It’s a great way to encourage players to interact. You’ll spot a cool car doing one of the challenges and maybe that will spark a conversation. The auto-ghosting is a bit of an immersion killer, but at the same time, it’d be utter madness if up to 12 cars were all trying to get a clean run through a speed trap at once.
Online racing comes courtesy of the Team Adventures tab. Races can vary in type, from straight laps to checkpoint-based events, or an A-to-B style that lets players decide their course from beginning to end. There’s also the usual King, Survival, and Flag Rush playground games, and a raft of Rivals events for every route in the game.
Unranked races divide players into teams. For every player from the opposing team you finish ahead of, you earn 100 points for your team. It’s a style that Playground has utilized before, and it’s welcome in the sense that it makes every player feel more like a part of the result, as opposed to just the podium players.
Those with a more competitive side can enter Ranked matches. These unlock after a few Unranked events, and function in a similar way to the Leagues in Motorsport 7. Each month players can work their way up the leaderboards earning prizes along the way.
The Creative Hub is the hive of the Horizon 4 social experience. Here players can share Blueprints, designs, tunes, and photos. You can follow others to keep track of all their creations too.
Horizon 4 feels great to drive. As ever with the Forza games, its easy to get comfortable with a pad, the Xbox controller’s rumbly triggers making it a cinch to measure out throttle and brake applications. On the CSL, there’s little feedback during oversteer moments, though it’s a much different story for overland runs. Get off the road and you’ll need to keep a firm hand on the rim.
For the first time in a Horizon title, Playground is modeling not only surface temps but also their conductivity. This gives the tires vastly different characters across the seasons, and even subtle changes from day to night. It’s just enough for sim racers to pick up on, but faint enough to not scare away folks that don’t look up spring rates in their spare time.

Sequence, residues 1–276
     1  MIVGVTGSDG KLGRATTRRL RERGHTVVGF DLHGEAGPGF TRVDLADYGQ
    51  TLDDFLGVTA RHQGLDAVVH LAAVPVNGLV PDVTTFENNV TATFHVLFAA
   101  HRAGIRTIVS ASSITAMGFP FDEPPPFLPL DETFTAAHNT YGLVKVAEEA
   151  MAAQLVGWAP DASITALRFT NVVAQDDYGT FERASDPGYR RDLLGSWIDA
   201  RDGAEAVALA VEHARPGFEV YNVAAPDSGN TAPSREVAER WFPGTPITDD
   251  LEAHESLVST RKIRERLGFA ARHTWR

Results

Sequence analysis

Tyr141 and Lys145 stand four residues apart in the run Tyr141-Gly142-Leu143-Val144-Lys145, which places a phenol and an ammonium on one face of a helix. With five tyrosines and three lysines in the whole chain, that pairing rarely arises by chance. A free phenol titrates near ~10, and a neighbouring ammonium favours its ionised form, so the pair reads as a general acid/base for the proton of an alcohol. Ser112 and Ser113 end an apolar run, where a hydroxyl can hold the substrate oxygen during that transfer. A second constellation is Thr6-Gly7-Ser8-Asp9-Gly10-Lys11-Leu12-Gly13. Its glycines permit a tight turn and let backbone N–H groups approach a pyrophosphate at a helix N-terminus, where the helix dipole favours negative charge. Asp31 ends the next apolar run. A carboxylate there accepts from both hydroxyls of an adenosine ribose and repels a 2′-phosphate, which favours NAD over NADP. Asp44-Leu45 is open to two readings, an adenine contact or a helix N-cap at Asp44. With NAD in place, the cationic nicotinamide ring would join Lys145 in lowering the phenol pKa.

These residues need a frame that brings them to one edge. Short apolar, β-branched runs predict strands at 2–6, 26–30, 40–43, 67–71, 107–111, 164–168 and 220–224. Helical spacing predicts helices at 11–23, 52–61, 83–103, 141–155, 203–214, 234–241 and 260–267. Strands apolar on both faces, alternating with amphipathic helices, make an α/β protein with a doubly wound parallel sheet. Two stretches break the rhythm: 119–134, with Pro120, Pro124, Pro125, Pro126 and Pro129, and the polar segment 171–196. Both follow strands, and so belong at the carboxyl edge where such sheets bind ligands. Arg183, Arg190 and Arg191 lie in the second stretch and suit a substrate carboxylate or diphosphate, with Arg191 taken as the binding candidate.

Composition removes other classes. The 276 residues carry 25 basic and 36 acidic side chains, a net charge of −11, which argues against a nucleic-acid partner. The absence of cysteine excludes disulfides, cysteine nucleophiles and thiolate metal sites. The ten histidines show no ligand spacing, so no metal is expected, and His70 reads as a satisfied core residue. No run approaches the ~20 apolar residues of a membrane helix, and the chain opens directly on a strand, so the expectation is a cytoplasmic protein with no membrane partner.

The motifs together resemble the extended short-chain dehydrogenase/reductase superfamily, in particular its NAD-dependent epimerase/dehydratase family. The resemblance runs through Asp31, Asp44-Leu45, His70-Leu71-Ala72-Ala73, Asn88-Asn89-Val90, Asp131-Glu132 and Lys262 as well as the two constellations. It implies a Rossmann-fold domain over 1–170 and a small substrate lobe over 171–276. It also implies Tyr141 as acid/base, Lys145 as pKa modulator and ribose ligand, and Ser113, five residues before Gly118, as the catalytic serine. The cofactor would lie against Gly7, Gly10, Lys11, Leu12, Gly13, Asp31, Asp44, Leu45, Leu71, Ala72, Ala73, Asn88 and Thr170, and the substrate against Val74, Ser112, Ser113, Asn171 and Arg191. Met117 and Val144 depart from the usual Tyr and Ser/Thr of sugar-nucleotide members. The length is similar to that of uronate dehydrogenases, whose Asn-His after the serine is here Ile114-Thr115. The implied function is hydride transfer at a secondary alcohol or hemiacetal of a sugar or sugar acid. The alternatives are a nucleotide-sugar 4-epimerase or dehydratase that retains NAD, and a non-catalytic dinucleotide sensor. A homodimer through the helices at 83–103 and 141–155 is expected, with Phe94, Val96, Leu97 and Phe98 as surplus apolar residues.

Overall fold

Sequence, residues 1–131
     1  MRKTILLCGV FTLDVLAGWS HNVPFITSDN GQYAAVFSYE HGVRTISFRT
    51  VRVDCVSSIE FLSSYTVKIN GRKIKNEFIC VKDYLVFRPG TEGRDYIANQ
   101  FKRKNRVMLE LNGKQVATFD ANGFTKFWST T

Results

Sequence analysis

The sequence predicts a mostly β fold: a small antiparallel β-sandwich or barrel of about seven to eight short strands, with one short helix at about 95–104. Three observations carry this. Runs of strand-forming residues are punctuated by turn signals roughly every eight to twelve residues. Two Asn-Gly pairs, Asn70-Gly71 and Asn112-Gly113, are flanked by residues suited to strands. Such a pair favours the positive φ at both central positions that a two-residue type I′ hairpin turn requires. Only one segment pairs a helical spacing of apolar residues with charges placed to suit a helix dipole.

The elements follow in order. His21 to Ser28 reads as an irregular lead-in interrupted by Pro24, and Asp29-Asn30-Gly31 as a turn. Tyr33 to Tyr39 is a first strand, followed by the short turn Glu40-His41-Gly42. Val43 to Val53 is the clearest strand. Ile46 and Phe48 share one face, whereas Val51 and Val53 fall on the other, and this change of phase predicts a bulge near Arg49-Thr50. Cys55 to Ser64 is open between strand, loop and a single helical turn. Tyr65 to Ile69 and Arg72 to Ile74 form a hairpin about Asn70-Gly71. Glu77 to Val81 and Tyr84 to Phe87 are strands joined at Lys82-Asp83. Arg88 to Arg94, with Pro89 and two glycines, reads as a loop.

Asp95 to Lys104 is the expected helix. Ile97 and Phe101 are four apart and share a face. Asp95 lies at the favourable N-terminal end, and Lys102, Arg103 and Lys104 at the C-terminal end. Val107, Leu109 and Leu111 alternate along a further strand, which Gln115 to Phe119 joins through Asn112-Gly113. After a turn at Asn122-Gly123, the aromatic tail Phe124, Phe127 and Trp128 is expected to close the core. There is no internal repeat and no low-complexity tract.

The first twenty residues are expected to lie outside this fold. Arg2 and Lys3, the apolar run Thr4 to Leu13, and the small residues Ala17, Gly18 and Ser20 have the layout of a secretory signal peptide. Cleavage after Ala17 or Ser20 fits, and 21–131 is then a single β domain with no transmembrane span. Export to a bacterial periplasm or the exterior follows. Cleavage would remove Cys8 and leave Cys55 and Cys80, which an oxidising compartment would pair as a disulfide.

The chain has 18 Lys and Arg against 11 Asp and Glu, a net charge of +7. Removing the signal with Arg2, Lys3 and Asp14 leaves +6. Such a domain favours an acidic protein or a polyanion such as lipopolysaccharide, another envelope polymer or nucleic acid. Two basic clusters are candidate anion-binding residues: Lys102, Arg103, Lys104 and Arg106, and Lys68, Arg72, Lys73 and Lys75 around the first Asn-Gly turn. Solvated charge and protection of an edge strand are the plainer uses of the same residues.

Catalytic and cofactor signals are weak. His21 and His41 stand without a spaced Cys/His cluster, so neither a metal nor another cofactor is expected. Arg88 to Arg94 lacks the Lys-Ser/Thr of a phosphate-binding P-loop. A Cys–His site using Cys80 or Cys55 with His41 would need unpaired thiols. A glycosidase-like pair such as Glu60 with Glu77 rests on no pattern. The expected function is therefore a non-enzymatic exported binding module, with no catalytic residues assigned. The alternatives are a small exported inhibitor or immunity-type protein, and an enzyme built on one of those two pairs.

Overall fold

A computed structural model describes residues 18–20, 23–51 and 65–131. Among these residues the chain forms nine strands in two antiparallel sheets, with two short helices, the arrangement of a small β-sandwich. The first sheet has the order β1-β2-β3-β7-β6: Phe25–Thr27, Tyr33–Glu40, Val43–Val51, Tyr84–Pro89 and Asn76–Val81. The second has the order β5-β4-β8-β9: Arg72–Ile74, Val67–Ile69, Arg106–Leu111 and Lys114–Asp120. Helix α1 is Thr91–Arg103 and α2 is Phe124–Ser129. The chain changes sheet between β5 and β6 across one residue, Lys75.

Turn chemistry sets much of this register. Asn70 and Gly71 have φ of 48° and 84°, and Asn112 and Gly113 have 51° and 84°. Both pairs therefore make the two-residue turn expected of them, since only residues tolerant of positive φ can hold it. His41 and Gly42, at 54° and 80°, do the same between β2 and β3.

Helping matters are additional tire compounds. The most notable is a new vintage race car tire. It offers more grip than the stock rubber on most muscle cars, but eschews the zero-tread, low-sidewall approach of the modern race tire. Sure, you won’t be able to match the outright grip levels of the new stuff either, but now you can build a period-correct racer instead of a resto-mod.
Four seasons plus variable weather means players will encounter all manner of surfaces. This is where FH4 makes the biggest jump over its predecessor. Australia’s topography allowed the less imaginative amongst us to simply load up a hypercar with as much turbo power as it could make, point it in roughly the same direction as our target, and bury the throttle. Hey, we did it too.
No longer. Deep mud in the autumn has our Senna struggling to hit double digits up a small hill. Fling it across a field and you may as well start a countdown for when it’s inevitably facing the wrong way.
It’s not itching to be an Assetto Corsa competitor, but those that dismiss FH4 as a simple point-and-shoot arcade racer do so at their own loss. It takes skill to be truly fast in this game, with a depth to the physics engine that’s in a whole other zip code to The Crew or Need for Speed.
We’re glad to report that those seeking on-road thrills should find this map more enjoyable than the last too. The E3 demo may have initially (and understandably) caused some concern for overly-wide roads. They do exist, though they’re largely the main arteries in the Horizon’s Britain. Head off the A-roads and there are some satisfying twisties to master.
It’s hard to believe how far FH4 moves the game on from its predecessor. Horizon 3 was only two years ago, after all.
But man has Playground put in work. This is an insanely pretty game, and it’s that way across the board, regardless of platform. Each season has its own unique character, not just the obvious surface-level stuff but the lighting as well. There’s a difference between the way the sun bounces off the surroundings in the early morning of winter versus summer. The skies provide everything from visually arresting sunsets to intimidating armadas of clouds.